This is Deborah
This is Deborah, I had been sitting on a bench in Verdi Park, it has been since early March of last year (2020) since I had attempted to speak with anyone, photograph them and listen to their story. I was feeling both rusty and apprehensive about speaking with anyone during this pandemic.
Deborah walked into the park with her dog, a golden retriever, and sat down on a bench not too far away from me. Thoughts kept going through my mind, can I interview someone from at least 6 ft away while both of us are wearing masks? Would someone be less accepting of a stranger’s questions because of the pandemic? And most importantly, would my children be upset with me? I did have my camera with a 300 mm zoom lens, so I could at least photograph without getting close.
It was at this point in our conversation that I told her about my blog and that I would like to hear more of her story and photograph her. She said I could photograph her dog. I continued the conversation none the less and finally, she asked me about my blog. I gave her my card and described what I was doing. She took out her phone and logged onto my blog. She started looking through it and said she wouldn’t be surprised if she saw someone she knew. And sure, enough she said, “there’s Johnny, he lives in my building.” I think that clinched it for her. As I started shooting, she asked me if she wanted Lilly’s face close to hers and she called her to come up onto the bench and put her face next to hers.
Deborah is 74 years old. She is a nurse and has a doctorate in Dance therapy. She did movement and dance therapy. She still works as a nurse seeing her clients on Zoom and clearly loves what she does. She has no children and is no longer married and laughed when she said it is so much better that way. She has lots of friends and likes living by herself. She talked about the way Verdi Park has changed and the volunteers that are in the park every Saturday planting and making the park so beautiful.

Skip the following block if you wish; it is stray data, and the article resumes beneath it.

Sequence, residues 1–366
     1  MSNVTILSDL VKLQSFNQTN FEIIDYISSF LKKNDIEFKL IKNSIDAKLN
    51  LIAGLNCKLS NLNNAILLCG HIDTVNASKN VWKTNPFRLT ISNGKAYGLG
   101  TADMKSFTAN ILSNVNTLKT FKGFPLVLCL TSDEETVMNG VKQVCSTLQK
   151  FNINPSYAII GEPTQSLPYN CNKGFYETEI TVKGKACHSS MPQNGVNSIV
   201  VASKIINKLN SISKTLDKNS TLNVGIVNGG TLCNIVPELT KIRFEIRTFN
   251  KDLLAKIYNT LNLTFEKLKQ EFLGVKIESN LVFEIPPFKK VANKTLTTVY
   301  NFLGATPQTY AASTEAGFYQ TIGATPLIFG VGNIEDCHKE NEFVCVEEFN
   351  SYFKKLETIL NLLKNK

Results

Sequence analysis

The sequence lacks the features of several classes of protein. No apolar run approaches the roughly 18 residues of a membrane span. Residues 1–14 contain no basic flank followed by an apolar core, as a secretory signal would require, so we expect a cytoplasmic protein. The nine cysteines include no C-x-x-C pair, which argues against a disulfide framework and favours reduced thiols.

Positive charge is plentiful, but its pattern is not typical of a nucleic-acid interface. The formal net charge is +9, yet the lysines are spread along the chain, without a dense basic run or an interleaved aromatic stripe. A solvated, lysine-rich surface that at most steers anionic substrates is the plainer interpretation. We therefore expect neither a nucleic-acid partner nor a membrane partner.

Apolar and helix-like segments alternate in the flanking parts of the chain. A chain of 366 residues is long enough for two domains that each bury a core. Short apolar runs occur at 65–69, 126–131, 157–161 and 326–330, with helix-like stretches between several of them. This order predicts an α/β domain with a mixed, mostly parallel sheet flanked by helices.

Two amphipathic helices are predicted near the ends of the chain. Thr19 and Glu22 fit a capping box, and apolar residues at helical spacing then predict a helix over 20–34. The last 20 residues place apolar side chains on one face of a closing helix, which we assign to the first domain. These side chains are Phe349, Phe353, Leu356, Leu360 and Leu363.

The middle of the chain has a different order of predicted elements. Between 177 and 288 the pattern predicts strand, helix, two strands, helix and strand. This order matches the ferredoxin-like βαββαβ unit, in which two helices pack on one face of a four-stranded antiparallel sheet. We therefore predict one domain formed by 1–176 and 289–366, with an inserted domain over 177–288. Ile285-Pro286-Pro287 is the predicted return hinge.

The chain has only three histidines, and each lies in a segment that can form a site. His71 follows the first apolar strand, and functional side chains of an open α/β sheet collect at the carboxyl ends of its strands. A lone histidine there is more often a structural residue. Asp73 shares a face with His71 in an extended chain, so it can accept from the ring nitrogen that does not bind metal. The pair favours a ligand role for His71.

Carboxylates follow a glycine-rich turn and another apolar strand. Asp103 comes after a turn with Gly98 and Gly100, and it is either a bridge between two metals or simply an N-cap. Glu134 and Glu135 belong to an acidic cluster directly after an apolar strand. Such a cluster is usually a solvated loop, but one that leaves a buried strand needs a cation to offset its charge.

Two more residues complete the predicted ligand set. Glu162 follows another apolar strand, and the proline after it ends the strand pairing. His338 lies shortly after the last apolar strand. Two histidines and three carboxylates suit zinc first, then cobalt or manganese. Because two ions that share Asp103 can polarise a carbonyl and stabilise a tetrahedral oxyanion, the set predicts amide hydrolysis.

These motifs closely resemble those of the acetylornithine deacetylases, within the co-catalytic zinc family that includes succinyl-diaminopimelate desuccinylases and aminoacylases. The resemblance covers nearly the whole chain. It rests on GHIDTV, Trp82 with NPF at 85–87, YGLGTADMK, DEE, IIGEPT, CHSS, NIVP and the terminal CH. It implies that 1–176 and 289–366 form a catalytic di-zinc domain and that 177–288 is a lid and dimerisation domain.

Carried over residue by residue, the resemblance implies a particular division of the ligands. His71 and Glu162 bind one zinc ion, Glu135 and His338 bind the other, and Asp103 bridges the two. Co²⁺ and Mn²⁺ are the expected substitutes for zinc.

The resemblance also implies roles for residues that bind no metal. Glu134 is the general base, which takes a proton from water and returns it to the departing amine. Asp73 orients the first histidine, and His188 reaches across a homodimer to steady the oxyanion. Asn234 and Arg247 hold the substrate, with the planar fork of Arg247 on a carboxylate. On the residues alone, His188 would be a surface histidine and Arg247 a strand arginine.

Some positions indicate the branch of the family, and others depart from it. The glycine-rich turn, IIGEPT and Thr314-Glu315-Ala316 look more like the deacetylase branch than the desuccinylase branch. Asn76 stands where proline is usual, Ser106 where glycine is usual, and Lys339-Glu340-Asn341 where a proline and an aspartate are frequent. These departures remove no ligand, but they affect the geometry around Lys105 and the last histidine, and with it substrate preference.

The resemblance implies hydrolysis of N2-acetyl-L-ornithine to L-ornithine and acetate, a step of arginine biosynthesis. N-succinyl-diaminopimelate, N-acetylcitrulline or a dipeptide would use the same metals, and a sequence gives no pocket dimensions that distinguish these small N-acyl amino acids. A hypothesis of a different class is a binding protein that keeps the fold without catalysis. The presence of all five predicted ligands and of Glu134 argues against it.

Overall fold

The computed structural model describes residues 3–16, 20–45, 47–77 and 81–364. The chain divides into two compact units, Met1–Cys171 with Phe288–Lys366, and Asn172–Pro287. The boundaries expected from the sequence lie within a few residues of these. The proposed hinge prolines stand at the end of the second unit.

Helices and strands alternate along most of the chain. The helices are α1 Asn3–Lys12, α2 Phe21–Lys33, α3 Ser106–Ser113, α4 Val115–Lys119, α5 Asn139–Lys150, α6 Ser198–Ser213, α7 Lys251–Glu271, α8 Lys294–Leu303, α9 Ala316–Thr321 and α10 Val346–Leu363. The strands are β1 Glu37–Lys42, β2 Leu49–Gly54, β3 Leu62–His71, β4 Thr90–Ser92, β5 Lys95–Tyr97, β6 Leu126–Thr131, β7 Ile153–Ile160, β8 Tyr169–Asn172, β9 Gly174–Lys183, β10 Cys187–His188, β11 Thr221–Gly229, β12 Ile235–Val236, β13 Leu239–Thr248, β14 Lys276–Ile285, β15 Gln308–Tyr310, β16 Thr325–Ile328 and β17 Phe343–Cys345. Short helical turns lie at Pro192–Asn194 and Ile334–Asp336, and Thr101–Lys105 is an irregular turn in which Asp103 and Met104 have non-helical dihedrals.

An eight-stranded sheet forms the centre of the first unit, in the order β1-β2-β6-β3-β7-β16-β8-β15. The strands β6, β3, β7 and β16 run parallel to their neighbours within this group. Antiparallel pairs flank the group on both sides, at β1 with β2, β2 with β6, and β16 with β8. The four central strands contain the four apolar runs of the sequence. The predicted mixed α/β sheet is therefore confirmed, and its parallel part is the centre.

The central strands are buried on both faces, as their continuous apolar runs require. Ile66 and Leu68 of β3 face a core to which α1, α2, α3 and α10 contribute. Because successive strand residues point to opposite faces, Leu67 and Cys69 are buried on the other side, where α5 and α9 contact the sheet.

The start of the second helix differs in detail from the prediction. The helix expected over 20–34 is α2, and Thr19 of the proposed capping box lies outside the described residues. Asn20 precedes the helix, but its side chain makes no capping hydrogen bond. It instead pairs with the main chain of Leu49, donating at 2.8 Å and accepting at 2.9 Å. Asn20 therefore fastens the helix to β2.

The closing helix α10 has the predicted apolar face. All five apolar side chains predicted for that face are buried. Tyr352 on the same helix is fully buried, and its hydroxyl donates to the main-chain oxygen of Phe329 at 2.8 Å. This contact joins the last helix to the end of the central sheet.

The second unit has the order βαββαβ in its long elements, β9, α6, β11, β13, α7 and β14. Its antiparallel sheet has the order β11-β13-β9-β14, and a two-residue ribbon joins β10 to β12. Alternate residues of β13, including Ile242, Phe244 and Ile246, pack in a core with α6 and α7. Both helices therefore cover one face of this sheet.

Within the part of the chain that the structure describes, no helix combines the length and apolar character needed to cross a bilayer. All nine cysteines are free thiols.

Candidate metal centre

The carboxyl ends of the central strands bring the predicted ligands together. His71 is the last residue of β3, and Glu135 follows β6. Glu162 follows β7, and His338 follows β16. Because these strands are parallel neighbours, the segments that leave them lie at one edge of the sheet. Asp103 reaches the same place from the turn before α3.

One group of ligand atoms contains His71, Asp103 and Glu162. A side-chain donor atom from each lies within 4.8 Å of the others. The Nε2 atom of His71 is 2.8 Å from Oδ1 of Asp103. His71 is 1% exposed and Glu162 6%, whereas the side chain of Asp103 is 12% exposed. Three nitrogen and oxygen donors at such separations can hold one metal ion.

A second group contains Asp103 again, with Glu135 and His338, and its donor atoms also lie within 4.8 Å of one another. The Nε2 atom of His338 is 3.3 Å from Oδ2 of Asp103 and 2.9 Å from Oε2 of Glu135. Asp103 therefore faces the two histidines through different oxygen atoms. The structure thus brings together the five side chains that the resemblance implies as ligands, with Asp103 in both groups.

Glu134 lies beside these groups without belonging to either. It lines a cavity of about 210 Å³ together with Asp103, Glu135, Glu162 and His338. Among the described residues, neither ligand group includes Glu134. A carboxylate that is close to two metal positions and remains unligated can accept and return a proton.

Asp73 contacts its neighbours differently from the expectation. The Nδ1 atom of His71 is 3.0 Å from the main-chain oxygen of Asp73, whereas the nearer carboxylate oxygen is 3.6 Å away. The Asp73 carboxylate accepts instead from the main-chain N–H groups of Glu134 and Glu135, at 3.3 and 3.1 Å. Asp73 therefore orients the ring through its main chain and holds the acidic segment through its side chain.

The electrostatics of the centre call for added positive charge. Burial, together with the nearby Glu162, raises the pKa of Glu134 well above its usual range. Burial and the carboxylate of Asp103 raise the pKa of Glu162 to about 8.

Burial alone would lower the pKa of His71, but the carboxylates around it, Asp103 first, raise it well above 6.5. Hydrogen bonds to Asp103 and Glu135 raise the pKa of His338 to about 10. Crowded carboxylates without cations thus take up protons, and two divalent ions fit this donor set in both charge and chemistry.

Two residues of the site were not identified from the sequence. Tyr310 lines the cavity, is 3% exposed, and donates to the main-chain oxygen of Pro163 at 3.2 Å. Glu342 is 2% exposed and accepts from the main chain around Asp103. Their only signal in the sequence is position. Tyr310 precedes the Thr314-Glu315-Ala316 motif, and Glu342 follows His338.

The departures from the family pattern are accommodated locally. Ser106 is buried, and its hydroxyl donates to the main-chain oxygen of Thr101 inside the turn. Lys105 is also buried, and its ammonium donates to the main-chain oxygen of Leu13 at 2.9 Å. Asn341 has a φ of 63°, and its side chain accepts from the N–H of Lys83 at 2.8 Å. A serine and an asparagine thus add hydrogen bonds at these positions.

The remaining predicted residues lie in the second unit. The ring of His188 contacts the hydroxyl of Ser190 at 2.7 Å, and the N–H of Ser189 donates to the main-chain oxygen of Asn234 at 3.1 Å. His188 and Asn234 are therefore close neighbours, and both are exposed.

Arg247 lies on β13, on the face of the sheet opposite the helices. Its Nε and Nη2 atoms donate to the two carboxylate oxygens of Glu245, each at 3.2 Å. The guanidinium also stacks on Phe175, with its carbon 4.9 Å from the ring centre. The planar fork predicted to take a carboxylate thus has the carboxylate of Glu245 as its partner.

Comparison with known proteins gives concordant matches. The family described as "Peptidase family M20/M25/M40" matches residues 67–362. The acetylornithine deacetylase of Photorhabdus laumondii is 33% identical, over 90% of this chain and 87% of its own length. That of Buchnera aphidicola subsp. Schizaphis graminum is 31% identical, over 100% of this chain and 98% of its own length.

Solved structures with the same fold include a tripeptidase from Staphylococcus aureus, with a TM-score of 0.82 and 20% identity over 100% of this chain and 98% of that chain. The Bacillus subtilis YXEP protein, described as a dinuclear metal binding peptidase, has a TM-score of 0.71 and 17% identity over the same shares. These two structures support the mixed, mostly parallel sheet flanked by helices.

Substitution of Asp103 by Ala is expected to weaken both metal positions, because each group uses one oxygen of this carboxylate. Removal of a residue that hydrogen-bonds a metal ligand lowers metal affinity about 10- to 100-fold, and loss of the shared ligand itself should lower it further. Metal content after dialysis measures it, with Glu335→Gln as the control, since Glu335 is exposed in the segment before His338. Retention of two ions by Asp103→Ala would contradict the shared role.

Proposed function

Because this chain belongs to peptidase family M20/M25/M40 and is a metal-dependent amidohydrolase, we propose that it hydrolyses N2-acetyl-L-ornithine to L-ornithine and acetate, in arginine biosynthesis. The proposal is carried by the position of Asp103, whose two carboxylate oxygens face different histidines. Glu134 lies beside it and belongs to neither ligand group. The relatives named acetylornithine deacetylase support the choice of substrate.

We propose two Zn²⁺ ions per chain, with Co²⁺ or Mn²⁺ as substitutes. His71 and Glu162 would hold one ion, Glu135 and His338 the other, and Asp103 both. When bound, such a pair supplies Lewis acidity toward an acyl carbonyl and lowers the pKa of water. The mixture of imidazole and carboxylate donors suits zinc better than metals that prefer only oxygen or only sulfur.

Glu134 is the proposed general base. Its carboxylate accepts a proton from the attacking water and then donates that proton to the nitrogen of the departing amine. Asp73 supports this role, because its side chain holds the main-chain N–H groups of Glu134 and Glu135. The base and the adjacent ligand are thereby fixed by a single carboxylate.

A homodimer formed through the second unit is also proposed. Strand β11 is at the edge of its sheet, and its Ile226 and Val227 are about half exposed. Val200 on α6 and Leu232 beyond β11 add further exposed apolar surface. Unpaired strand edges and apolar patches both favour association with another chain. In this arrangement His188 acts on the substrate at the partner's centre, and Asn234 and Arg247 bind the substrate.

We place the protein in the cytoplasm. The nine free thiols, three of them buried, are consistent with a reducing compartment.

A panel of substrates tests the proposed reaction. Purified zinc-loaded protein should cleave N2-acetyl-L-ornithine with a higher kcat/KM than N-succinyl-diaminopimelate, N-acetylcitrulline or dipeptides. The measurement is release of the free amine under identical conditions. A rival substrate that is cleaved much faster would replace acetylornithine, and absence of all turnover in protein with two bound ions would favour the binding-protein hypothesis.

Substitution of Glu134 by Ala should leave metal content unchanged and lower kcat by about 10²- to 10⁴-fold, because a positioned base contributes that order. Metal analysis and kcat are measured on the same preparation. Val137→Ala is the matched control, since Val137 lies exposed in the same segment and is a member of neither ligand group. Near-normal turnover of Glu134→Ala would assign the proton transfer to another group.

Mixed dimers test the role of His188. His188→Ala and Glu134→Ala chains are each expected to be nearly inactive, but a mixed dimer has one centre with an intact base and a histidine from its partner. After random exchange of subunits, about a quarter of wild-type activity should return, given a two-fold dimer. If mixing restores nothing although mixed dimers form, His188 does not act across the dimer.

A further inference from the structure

When I asked her what she likes about living in New York City she said, Central Park. She talked about how bad it was and how beautiful it is now. When I asked her what she dislikes about NYC she said it is too crowded and too busy, too many tourists and still she loves that. Of course, now it is empty and she likes that because she feels that we have the city to ourselves, all 8 million of us.
COVID-19 or no Covid-19, Deborah loves the city and she is sure to get out every day.
I walked over and sat down on the same bench towards the other end giving us a comfortable space of at least 10 feet, perhaps a little more than that. I started by admiring her dog (Lilly) telling her about my niece and nephew who have two Golden Retrievers in Portland Oregon. It was a little hard to hear each other from that distance, but Deborah told me she used to live in Portland Oregon. I asked her what brought her to New York City and she said she went to college at NYU in 1966. I think she could have gone to school in many places, but she chose New York City and I don’t think that was an accident because during our conversation she talked over and over how NYC was the best place in the world to live. She said even in the worst of times, when Central Park was a scary place to go, she loved it. She knew that in the 1970s Verdi Park where we were sitting was a haven for drugs and prostitution. She said many times on her way home from work she had been offered drugs. She loves NYC now even though all the movie theaters, concert, and museums are closed. She said once you live in New York City there is no other place in the world to live. She said it was a diamond. A real jewel.